A typical Asia-Europe relationship had begun. Europe defined Asia for us. We did not like it and at the same type lapped it up. For colonising Europe, the notion of the cultural and civilisational greatness was both a historical reality and an instrument of dominance. Asia as Western dominance was as much a reality as Asia and Western dominance.
The fact of the matter is that there is in reality no such entity as Asia. Even the orientalist scholarship estimated the several Asian civilisations differently. It was far more respectful of the Chinese civilisation than it was of the Hindu-Bauddha or the Islamic, respectively of the Subcontinent and the Arab-Persian world. While Edward Said has argued that the thrust of orientalist scholarship was far more dismissive of the West Asian Islamic civilisation than it was of the other civilisations, that may not be entirely correct. The Hindu-Bauddha world was as much demonised as the Islamic world was.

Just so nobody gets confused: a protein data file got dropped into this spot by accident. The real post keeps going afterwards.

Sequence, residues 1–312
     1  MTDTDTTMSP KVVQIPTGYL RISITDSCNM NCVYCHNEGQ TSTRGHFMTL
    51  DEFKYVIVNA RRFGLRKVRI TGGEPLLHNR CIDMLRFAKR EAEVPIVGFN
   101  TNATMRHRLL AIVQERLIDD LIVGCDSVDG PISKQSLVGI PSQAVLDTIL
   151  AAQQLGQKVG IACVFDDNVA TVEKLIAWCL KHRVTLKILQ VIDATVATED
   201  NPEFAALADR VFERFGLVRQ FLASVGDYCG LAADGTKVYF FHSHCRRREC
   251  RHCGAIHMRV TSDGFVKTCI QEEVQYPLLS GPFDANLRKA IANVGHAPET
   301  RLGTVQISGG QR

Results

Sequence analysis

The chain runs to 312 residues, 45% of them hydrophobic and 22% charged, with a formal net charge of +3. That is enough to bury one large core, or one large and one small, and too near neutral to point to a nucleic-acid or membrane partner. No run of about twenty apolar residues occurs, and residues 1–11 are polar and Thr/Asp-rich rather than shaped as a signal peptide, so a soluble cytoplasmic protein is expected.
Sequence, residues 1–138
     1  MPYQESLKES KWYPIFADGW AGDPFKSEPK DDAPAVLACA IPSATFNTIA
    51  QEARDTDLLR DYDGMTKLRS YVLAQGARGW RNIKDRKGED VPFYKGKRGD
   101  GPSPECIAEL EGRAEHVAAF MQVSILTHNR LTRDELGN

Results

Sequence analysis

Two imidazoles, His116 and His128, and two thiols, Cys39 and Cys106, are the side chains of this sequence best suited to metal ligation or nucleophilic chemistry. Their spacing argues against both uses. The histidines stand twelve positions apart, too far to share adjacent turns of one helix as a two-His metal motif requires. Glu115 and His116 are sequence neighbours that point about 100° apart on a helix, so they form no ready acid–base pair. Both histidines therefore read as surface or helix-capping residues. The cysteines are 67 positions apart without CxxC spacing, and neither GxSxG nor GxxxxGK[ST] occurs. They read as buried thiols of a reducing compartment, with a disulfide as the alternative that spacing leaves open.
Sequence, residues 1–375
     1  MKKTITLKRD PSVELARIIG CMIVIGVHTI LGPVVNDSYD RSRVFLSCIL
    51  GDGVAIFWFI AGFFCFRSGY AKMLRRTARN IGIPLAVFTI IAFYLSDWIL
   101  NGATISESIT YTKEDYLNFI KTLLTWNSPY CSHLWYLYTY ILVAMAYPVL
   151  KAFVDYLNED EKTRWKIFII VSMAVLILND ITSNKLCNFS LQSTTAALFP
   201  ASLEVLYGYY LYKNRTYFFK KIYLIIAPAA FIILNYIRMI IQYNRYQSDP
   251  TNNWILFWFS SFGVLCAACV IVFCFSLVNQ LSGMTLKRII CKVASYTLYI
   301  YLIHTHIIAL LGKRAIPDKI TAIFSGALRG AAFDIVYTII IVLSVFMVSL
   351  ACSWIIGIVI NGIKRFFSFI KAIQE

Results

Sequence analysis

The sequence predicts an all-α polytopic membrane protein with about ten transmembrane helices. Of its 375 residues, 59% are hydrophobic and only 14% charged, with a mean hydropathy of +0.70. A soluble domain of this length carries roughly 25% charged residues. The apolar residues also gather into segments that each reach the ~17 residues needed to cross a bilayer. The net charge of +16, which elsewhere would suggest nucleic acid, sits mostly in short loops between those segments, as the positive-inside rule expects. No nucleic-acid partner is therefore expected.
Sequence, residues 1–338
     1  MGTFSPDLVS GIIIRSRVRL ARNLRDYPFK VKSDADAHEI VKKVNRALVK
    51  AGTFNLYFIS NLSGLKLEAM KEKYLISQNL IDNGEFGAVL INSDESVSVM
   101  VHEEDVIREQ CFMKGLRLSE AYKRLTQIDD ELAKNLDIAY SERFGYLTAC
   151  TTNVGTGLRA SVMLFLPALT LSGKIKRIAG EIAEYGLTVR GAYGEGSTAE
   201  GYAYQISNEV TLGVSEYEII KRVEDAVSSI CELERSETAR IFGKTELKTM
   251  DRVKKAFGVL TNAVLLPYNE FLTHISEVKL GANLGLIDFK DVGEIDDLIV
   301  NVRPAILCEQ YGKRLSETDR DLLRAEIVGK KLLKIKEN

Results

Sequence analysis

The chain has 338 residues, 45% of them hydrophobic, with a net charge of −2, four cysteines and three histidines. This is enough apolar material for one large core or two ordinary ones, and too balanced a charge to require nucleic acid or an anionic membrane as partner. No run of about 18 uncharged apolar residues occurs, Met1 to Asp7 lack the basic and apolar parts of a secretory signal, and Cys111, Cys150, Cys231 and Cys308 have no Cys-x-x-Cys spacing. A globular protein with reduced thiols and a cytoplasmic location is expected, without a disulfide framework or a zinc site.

Perhaps the Chinese world at least partially escaped this demonisation (through simultaneous glorification) because it escaped total colonisation and, as there was no rupture in its political tradition. The Confucian world remained a distant world, which the Europeans were destined to only vaguely and respectfully understand. James Legge, the Jesuit missionary translator of the Chinese classics, has at one place written of the surprise many expressed at his respect for the Chinese classics. He then goes on to explain his respect for those classics. No Indian classic has ever received such awe-inspiring respect. Even the Goethe apostrophe is qualified.
Many Asias, none Asia